During the day, try to adopt the rhythms your body naturally wants to follow. If you can, schedule work that requires mental precision for the morning, since chronobiologists say that's the time we're sharpest on details (your alertness should peak around noon). Late afternoon, when your mind begins to sputter, is best for repetitive tasks, so you might use those hours to organize files, catch up on correspondence, return phone calls, and the like. Allow yourself one recovery break in the morning and another in the afternoon: Stop working for 10 minutes and either do some exercise ù walk around the block, jog stairs, etc. ù or indulge in the aforementioned apple-and-bagel hiatus.
Beyond the scheduling, Loehr also suggests that you create a priority list of tasks that need to be accomplished each day and then spend 10 minutes each morning in a "mental rehearsal" of how you're going to march through the list in an ideal performance state. At lunch, spend another 10 minutes picturing an upcoming event or pivotal workout. Many athletes swear that if they can lucidly picture, say, sprinting past their opponents, it actually ends up happening.
The process certainly worked for Dan Jansen, who was widely acknowledged as the world's best speed skater until 1988, when his sister died of leukemia the morning of the Olympic 500-meter race. Jansen was expected to win but slipped and fell on a live telecast. After struggling for several years, Jansen sought out Loehr, who helped him develop a mental-training log that included exhortations such as "I love the 1,000," an event that had given him fits. In 1992, Jansen won an Olympic gold and set a world record in the 1,000.
Even if your biggest goal is simply to drag your butt out of bed early enough to hit the gym before work, Loehr says the same principles can help you. All he asks is that you keep a log for 30 days and then conduct an internal audit: Do you have more energy and passion? Are you more focused? He is certain the answers will be yes. "If you train mentally every day, just as you do physically, you can reach the ideal performance state frequently," Loehr insists. "Life's still tough, but now you're challenged by it, not overwhelmed or cynical. Once you get going like that, you never want to go back."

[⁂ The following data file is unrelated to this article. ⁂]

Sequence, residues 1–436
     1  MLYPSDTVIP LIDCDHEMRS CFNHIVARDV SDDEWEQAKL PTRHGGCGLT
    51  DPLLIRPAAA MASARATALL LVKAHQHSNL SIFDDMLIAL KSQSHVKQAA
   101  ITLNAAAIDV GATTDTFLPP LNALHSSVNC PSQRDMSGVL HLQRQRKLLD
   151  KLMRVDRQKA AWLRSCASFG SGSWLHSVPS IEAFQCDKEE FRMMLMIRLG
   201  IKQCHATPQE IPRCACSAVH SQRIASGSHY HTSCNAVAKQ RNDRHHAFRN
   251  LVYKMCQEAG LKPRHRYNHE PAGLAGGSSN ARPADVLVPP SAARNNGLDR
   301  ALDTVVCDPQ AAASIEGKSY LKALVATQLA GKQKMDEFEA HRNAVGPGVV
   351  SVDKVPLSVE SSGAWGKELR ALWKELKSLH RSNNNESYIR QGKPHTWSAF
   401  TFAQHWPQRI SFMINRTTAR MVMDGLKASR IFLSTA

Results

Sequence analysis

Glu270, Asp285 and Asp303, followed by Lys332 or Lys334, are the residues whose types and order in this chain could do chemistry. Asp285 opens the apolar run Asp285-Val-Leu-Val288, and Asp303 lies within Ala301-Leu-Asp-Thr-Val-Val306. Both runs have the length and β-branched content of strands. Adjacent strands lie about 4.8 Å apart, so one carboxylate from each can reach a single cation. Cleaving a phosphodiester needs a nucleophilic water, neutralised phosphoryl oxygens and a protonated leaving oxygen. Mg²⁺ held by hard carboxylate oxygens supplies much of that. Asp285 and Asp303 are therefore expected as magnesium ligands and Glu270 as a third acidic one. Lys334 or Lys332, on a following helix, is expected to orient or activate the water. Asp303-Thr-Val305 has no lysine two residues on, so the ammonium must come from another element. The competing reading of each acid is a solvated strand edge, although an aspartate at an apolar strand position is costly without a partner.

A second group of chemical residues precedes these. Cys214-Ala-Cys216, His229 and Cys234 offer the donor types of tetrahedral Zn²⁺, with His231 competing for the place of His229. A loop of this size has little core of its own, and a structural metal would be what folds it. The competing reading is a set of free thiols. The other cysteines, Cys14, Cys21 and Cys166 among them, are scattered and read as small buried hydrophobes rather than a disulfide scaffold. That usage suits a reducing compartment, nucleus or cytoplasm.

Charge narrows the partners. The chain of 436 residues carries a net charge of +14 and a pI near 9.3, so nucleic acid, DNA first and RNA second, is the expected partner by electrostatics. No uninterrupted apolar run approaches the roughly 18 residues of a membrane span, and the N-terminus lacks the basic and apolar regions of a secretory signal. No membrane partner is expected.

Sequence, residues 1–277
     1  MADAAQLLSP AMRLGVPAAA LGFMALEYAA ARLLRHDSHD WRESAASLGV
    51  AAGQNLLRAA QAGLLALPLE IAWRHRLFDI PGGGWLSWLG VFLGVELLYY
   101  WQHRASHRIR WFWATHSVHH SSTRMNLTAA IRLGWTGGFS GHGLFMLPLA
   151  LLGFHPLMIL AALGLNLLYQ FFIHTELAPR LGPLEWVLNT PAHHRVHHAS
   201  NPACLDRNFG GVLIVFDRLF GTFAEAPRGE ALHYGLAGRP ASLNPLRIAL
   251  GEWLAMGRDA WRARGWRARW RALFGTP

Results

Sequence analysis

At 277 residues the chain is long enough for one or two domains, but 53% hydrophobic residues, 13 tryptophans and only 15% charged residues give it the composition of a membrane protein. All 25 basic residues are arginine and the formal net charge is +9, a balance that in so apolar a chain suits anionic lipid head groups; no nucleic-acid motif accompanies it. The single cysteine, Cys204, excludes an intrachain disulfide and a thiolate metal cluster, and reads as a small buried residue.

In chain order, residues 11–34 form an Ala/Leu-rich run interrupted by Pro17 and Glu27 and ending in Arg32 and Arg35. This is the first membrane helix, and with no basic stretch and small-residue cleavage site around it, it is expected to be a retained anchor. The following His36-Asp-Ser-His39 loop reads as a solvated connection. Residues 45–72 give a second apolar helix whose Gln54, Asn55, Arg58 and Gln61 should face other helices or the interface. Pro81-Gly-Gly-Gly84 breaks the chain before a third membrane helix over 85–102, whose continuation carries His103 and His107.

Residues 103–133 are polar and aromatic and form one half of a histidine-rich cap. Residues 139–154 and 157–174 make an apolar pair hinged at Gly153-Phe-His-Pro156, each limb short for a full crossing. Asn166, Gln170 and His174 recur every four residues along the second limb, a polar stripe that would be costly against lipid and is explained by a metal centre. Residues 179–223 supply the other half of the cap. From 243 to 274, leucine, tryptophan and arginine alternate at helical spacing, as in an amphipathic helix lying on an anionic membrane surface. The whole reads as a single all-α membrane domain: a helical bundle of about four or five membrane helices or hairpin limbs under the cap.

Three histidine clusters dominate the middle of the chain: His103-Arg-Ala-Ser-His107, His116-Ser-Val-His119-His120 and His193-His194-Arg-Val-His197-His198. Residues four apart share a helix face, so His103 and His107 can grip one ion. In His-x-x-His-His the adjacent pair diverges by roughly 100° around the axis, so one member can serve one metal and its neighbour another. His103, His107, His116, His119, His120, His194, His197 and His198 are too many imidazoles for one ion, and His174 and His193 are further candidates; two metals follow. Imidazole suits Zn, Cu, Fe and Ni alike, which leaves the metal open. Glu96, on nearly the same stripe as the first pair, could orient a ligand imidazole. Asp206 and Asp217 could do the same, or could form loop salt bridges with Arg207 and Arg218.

Next month, in part four of our series, Paul Keegan will focus on athleticism: agility, balance, flexibility, and coordination.
|December: Making the Big Push|
| You may be tempted to ease up over the holidays, to reward yourself for two months of diligence, but now's the time to focus. This is perhaps the most crucial stage of the physical program: In the gym, resistance-training sage Harvey Newton has you doing true strength work two days a week, boosting the weight so that you can do just six reps of each exercise and bumping you up to five sets. Add crunches to each workout and back extensions only on A and B days. Meanwhile, on the cardiovascular front, former triathlete Dave Scott has you pushing harder and longer in the Aerobic Economy phase. Mondays call for multiple five-minute lactate threshold blocks: For each, start with an eight-minute warm-up at level 8 on the perceived exertion scale, speed up to level 15 for three minutes and to 16 for two, and then head back down to level 11 for two minutes of recovery. Continue doing pickups on Thursdays, but in week 10 increase the time to 30 seconds with 60 seconds' recovery. On Saturdays, go long.|
- WEEK 9: (M) CT-14(30), 2xLT, ST-A(5/6); (T) off; (W) off; (Th) CT-12(20), 8xPU-15, ST-B(5/6); (F) off; (S) CT/LD-12(69/123); (Su) off
- WEEK 10: (M) CT-14(30), 2xLT, ST-A(5/6); (T) off; (W) off; (Th) CT-12(20), 5xPU-30, ST-A(5/6); (F) off; (S) CT/LD-12(75/135); (Su) off
- WEEK 11: (M) CT-14(30), 3xLT, ST-A(6/6); (T) off; (W) off; (Th) CT-12(20), 6xPU-30, ST-C(6/6); (F) off; (S) CT/LD-12(81/153); (Su) off
- WEEK 12: (M) CT-14(36), 4xLT, ST-A(6/6); (T) off; (W) off; (Th) CT-12(20), 7xPU-30, ST-B(6/6); (F) off; (S) CT/LD-12(86/168); (Su) off
- WEEK 13: (M) CT-14(36), 4xLT, ST-C(6/6); (T) off; (W) off; (Th) CT-12(20), 8xPU-30, ST-A(6/6); (F) off; (S) CT/LD-12(91/180); (Su) off
M = Monday, T = Tuesday, W = Wednesday, Th = Thursday, F = Friday, S = Saturday, Su = Sunday
CT-14 (30) = 30 minutes of cardiovascular training not to exceed 14 on Perceived Exertion Scale;
2 x LT = 2 lactate threshold blocks;
4 x PU = 4 sets of pickups;
CT/LD (69/123) = long-distance cardiovascular training, 69 minutes of weight-bearing exercise (jogging) or 123 minutes of nonweight-bearing exercise (cycling, swimming, cross-country skiing);
ST (5/6) = strength training (5 sets of 6 reps);
A = dumbbell press, lat pulldown, squats;
B = bench press, pull-ups, leg presses;
C = incline press, seated row, dead lift;
ST = strength training: (1/15, 2/12) = one set of 15 reps followed by two sets of 12.